An article from Ballardian examines the thesis in Ballard’s last novel correlating fascism and consumerism:
Ballard has drawn attention to the way in which moral structures and decision-making powers have been externalized out into the environment by technology – from traffic lights to CCTV cameras – providing us with a safe passage through our lives, and in like manner we may find it psychologically easier to decline the freedom to utilize the imagination that comes with a safe and prosperous, but individualistic, society…. Peter Stearns points out that the growth of consumer behaviour was closely connected with the decline of long-established social structures under the pressures of industrialization and urbanization. In earlier times, social hierarchies were much more rigidly observed, and any crossing of social boundaries or individualistic behaviour tended to be viewed negatively, especially by the upper-classes. The latter had luxury, i.e. their wealth was displayed, rather than consumed, and in standard formats with an absence of individuality or any concern about fashion. However, once this social edifice began to lose its grip, consumer behaviour helped people cope with the resulting uncertainty and insecurity about social status, and with the disruption to established patterns of behaviour, by providing alternative ways of fulfillment and by enabling an individual to demonstrate personal achievement, no matter how limited. This was particularly the case in the late 19th and early 20th centuries, when the growth of large firms meant that many in the middle-classes found themselves working for others rather than themselves and in jobs with a high degree of routine: satisfaction and success were no longer an integral element of their occupation, and had to be sought elsewhere.
But there is a malign dialectic at work here. I buy things in order to try and reassert my identity, but as the marketplace grows I am offered an increasing variety of goods and services, and associated ways of living, from which to choose. Now my identity is even more in question, because it is something that I myself have to select and realize. The impact is heightened as the material prosperity of society increases – even something as basic as food becomes no longer a matter of survival and physical well-being, but a decision about life-style… To make matters worse, the psychological support that might have been available from kinship ties, the local community, religion, voluntary organizations, and such like, is now much weaker – in fact, involvement in these is as much a life-style choice as everything else. Yet the evidence is that people with a rich variety of social connections are less likely to suffer depression and anxiety than those without. Without a traditional social fabric around me, I live in a world of endless possibilities but any failure to find fulfillment in my life must somehow reflect my own inadequacies. Hence, as Zygmunt Bauman suggests, we are nowadays more likely to suffer from depression, caused by the fear of inadequacy in the face of endless possibilities, than from neurosis arising from guilt caused by the transgression of prohibitions.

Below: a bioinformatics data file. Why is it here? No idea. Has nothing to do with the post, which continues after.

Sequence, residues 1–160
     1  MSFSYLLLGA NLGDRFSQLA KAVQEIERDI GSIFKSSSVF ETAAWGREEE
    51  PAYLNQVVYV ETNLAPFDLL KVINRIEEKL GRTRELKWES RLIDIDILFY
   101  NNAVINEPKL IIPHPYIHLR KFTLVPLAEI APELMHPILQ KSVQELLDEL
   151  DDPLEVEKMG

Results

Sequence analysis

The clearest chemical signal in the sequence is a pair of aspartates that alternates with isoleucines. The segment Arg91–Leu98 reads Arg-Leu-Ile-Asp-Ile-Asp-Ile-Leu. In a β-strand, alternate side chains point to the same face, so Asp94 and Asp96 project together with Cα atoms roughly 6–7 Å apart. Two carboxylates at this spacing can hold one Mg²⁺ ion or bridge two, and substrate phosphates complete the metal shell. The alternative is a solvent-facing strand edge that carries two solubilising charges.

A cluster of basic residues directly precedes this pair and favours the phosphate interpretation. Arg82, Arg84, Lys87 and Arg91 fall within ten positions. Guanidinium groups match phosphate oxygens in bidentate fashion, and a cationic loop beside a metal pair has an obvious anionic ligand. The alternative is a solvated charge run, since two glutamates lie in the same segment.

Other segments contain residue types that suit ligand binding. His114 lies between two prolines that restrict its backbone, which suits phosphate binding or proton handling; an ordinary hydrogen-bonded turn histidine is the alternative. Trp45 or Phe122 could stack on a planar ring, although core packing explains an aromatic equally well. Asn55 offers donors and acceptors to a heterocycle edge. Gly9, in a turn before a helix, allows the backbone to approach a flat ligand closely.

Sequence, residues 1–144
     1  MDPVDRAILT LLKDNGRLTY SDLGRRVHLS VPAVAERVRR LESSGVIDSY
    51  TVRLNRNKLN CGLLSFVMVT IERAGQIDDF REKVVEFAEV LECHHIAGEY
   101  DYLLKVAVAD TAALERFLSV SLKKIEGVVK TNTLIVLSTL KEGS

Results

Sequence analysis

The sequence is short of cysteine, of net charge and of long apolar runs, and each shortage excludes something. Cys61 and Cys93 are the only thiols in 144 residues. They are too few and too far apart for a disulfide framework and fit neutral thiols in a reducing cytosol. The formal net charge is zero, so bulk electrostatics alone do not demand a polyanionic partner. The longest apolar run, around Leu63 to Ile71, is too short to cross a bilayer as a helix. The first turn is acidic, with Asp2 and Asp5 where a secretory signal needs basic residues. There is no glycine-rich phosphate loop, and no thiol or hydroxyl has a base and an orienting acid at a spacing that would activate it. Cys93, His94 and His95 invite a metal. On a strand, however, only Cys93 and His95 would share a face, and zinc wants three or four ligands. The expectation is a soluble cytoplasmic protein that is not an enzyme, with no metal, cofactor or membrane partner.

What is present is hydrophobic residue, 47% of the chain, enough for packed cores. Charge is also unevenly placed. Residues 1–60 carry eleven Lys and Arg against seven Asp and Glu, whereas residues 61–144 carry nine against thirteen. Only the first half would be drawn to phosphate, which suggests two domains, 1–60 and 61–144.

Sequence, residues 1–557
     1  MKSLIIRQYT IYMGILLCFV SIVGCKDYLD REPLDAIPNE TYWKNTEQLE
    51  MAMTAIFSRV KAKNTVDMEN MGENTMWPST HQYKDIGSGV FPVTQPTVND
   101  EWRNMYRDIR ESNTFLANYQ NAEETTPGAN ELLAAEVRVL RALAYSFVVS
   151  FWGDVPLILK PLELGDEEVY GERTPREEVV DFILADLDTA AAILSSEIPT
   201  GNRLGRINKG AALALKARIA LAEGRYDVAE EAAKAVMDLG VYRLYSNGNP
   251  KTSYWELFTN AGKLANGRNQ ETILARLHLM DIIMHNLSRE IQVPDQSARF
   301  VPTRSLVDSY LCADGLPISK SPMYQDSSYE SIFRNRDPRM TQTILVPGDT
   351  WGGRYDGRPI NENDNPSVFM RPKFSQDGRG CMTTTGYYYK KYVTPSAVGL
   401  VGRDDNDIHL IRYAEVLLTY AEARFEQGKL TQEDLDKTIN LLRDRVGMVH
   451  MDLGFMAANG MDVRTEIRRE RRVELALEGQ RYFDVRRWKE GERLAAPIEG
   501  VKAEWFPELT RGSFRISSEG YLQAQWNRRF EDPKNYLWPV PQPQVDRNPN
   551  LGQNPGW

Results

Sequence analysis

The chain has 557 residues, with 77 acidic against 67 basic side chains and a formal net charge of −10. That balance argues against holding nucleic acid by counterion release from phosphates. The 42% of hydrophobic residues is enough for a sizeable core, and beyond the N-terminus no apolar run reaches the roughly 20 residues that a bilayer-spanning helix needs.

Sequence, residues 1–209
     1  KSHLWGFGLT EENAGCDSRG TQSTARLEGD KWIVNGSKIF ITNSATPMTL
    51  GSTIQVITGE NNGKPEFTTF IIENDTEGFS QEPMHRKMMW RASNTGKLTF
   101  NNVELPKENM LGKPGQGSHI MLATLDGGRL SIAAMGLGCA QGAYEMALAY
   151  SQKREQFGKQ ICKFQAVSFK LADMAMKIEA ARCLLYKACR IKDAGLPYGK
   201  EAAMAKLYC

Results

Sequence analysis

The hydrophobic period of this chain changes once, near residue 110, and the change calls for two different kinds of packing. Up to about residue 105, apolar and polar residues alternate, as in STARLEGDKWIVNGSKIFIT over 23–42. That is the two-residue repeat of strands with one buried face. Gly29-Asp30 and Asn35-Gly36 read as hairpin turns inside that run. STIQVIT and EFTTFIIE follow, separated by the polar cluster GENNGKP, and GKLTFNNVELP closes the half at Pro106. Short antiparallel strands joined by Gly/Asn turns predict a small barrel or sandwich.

The risk is that the erasure of meaning in modern societies produces boredom and emptiness, a gap which a dormant psychopathology can readily fill, fuelled by a preference for emotion over cognition. Hence Ballard frequently links boredom and psychopathic behaviour in his later books and interviews."
One thing that struck me about this is that this is in many ways a rather conservative account of fascism, which makes me one wonder about one of the more interesting and more unremarked aspects of Ballard’s work, namely the question of whether his critique of modern society can be ascribed as originating from the political left or right, given that the mere fact of Ballard’s fiction having a decidedly transgressive is hardly enough to label him as leftwing. Some elements of his fiction would qualify in that regard; his embrace of modernism and dislike of tradition, for example. Criticism of consumerism and consumption certainly does, with Veblen coming to mind immediately as a comparison, while Peter Sloterdijk’s recent account of the repression of anger in capitalist societies also has some parallels with Ballard. However, many of his ideas can be described as conservative in various ways; his emphasis on our innate repressed psychopathy is something one can see conservatives from Hobbes to Scruton agreeing with, while much of his work does tend to suggest socially conservative attitudes. The prototypical Ballard protagonist is a middle aged male usually accompanied by a woman firmly in a supporting role. Rushing to Paradise is one of his few works to represent a powerful woman and the results do tend to suggest a rather extreme fear of the feminine. More common is for the powerful figure to be male, with a relationship with the protagonist that can easily be read as homoerotic, but his characters, as in Hello America, can as equally be homophobic. Certainly, Ballard’s work has more in common with Freud’s Civilisation and its Discontents than with Marcuse’s Eros and Civilisation